Many religious congregations for men and especially for women are facing daunting challenges at this time due to societal changes which have resulted in a dearth of new religious vocations.

What happens when there is no longer a sufficient number of idealistic young entrants to serve the schools, health care facilities, homes for the aged, orphanages and other ministries founded by those who came before? What happens when there are no younger sisters to help care for the aged sisters who served so faithfully in years past?

Recently the Sisters of the Blessed Sacrament, facing this challenge, announced their motherhouse would be placed for sale.


Another congregation that has made a distinguished contribution to the Archdiocese of Philadelphia, the Grey Nuns of the Sacred Heart, reached that decision five years ago. They sold their generalate at 1750 Quarry Road in Yardley to Holy Redeemer Health System but leased it back until this year, when the sisters relocated to other facilities, according to Sister Julia Christine Lanigan, the Grey Nuns’ president.

Their roots go back to 1737 in Canada and the founding of the Sisters of Charity of Montreal (who were commonly called Grey Nuns) by St. Marguerite D’Youville. Her charism, despite daunting opposition, was primarily to serve the poor, a charism to which her spiritual daughters remain faithful almost three centuries later.

At this time there are six branches of Grey Nuns descending from that original ministry — five in Canada and the Grey Nuns of the Sacred Heart, which were founded across the border in Buffalo, N.Y., in 1921 as an independent English-speaking branch to minister in the United States.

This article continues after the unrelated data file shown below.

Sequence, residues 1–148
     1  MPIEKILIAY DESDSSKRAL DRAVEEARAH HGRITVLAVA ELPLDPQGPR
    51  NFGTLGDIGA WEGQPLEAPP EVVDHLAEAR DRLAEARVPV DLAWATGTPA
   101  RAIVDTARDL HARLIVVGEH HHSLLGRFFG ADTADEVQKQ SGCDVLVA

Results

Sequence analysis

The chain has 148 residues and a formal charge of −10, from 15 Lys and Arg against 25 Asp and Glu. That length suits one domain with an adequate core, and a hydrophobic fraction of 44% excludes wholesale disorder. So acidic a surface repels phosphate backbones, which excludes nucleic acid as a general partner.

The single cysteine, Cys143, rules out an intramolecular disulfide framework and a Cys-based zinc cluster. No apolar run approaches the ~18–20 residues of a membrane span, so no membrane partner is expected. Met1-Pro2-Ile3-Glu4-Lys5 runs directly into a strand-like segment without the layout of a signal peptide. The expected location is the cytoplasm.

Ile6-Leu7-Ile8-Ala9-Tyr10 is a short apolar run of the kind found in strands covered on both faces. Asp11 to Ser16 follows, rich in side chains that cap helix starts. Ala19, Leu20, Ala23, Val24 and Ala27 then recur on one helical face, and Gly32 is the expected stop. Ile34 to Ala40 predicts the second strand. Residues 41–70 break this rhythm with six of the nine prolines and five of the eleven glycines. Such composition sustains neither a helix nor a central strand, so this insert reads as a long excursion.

One of their first American ministries was the establishment of D’Youville College in Buffalo in 1908, which continues under Grey Nuns auspices to this day.

It was Cardinal Dennis Dougherty, a former Bishop of Buffalo, who invited the sisters to establish their motherhouse in the Philadelphia Archdiocese, which they did in 1922. At first it was in Elkins Park then in 1966 to the larger property in Yardley.

Among their local institutions were Grey Nuns Academy, Yardley; Melrose Academy, Melrose Park; and D’Youville Manor, an assisted living facility, along with a number of convents scattered around the archdiocese.

Sisters formed in this area went out to serve in ministries throughout Pennsylvania, New York, Maryland, North Carolina, Massachusetts, Georgia and as far away as Alaska.

Most of the Grey Nuns currently living in the Archdiocese of Philadelphia are technically retired although some of them are participating in volunteer ministry working with the poor just as St. Marguerite herself did before establishing her congregation.

A number of them, 48 at this point, are living in independent living facilities at Holy Redeemer Lafayette on Veree Road in Philadelphia, with a much smaller number in other personal care or skilled care facilities.

There are a few sisters in full active ministry and many in part-time ministry, while others have reached a point where theirs is completely a ministry of prayer. Their administrative offices are now at 14500 Bustleton Avenue in Northeast Philadelphia, not far from Holy Redeemer.

As to the future, “We see, given our age group and we are not getting new vocations, we are anticipating we will probably be the last,” Sister Julia Christine said. “But we will continue the mission faithful to the charism.”

Whatever the future, the Church of Philadelphia owes these sisters and other similar congregations a debt of gratitude that can never be fully repaid.

Sister Dolores Beatty, G.N.S.H., leads young students at Grey Nun Academy in Yardley, a pre-K to eighth grade Catholic school run by the Grey Nuns of the Sacred Heart.

Sister Dolores Beatty, G.N.S.H., leads young students at Grey Nun Academy in Yardley, a pre-K to eighth grade Catholic school run by the Grey Nuns of the Sacred Heart.